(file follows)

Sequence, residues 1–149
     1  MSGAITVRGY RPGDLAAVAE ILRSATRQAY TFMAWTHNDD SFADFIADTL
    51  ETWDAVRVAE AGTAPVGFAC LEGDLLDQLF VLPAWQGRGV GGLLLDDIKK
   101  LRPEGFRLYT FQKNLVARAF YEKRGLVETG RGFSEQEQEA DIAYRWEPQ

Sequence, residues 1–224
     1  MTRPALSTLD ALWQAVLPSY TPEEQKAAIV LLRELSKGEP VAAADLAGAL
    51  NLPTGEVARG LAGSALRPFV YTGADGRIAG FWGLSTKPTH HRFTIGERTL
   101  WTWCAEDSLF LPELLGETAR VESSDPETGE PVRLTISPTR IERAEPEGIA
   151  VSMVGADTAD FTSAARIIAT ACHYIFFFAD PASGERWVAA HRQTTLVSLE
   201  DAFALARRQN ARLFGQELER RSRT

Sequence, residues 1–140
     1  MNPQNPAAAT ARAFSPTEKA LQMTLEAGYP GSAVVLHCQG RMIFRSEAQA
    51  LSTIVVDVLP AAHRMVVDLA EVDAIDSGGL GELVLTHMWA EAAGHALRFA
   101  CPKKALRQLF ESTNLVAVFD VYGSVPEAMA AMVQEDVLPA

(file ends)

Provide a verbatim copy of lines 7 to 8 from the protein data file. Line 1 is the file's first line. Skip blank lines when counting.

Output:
    51  NLPTGEVARG LAGSALRPFV YTGADGRIAG FWGLSTKPTH HRFTIGERTL
   101  WTWCAEDSLF LPELLGETAR VESSDPETGE PVRLTISPTR IERAEPEGIA